Laura Van Prooyen
As Always, Thirty Years Between Us

My father wants me to cut his hair

in the laundry room, where the rotary phone

still hangs on the wall. Here, I took

and made so many calls to boys

he disapproved of. This is an old story.

A father, daughter, half-regrets. I fold over

his ear the way he tells me to and trim.

Nothing’s left of the lush, black swoop

or sideburns he always wore. I buzz

the white crown and snip stray hairs

from the bald part of his head. He’s

nothing like the man whose empty

cans I used to find in the trunk

of the car. I wonder, now, how

many times he knew my secrets,

but didn’t say a word. No one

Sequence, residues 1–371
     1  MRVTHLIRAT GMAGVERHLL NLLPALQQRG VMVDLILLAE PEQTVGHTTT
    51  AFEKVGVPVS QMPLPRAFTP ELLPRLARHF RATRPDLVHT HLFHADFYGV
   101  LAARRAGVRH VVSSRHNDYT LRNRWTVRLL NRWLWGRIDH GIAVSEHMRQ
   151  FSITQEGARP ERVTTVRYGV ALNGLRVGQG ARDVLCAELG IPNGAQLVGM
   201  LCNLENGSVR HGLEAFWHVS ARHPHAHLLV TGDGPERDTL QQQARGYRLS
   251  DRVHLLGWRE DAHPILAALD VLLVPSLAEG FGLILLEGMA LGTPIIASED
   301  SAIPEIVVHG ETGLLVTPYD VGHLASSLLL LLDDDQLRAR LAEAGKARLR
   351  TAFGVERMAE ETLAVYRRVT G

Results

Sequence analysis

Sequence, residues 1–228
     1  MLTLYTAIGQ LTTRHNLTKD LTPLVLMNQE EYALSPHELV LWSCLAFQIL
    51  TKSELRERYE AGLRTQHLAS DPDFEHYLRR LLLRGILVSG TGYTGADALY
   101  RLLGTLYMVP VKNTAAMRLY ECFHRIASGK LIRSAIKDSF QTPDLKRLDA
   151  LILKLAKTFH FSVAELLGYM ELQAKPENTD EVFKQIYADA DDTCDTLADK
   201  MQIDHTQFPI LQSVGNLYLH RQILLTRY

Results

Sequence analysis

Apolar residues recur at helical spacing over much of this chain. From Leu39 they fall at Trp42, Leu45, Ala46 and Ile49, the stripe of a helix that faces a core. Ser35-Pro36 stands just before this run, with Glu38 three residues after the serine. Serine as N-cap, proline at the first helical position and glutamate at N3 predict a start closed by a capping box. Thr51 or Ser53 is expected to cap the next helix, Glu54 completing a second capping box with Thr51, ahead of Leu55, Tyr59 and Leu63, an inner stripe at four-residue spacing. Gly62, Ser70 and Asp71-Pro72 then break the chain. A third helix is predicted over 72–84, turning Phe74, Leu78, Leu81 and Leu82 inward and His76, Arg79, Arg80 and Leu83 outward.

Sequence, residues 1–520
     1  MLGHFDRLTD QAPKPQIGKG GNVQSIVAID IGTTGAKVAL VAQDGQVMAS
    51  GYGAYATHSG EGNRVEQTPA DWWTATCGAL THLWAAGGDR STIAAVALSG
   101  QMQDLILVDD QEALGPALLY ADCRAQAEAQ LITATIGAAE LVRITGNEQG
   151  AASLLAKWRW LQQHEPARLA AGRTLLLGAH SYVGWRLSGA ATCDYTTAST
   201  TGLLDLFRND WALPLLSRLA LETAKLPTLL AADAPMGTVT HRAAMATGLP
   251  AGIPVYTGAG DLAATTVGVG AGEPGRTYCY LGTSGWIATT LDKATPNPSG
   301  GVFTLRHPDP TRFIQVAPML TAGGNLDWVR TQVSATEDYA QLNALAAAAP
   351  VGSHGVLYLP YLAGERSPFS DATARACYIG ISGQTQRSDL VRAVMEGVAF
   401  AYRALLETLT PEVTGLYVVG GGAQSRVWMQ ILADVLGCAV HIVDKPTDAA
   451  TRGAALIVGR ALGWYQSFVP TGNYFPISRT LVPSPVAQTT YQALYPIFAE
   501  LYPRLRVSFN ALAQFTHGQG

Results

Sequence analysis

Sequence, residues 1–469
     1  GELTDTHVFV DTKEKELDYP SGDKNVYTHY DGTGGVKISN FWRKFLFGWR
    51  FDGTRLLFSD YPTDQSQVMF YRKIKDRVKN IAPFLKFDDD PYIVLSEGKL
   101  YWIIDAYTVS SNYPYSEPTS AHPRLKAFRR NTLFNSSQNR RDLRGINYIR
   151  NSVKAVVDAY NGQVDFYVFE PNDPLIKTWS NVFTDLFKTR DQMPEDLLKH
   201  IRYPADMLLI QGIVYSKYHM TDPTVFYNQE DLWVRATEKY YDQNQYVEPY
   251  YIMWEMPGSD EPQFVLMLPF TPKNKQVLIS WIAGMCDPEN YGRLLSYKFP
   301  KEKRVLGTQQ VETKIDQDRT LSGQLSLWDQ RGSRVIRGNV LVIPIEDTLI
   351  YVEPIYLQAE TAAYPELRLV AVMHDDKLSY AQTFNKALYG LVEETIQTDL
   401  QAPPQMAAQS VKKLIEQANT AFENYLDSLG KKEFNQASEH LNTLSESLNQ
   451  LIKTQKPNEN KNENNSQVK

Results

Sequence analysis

really can tell you how not to mess up

your life. When I was young,

I loved the winter nights, watching

my father grease fishing reels

at the kitchen table, cranking handles,

clicking spools shut. Summer was miles

away, but he took such pleasure

getting ready. Especially when it came

to sharpening his fillet knife. I leaned

my shoulder close to his, shut my eyes

to better hear him whisk

that blade across a wet, black stone.

Found In Volume 41, No. 05
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  • Laura Van Prooyen
Laura Van Prooyen
About the Author

Laura Van Prooyen is the author of Frances of the Wider Field (Lily Poetry Review Books), Our House Was on Fire (Ashland Poetry Press), and Inkblot and Altar (Pecan Grove Press, 2006).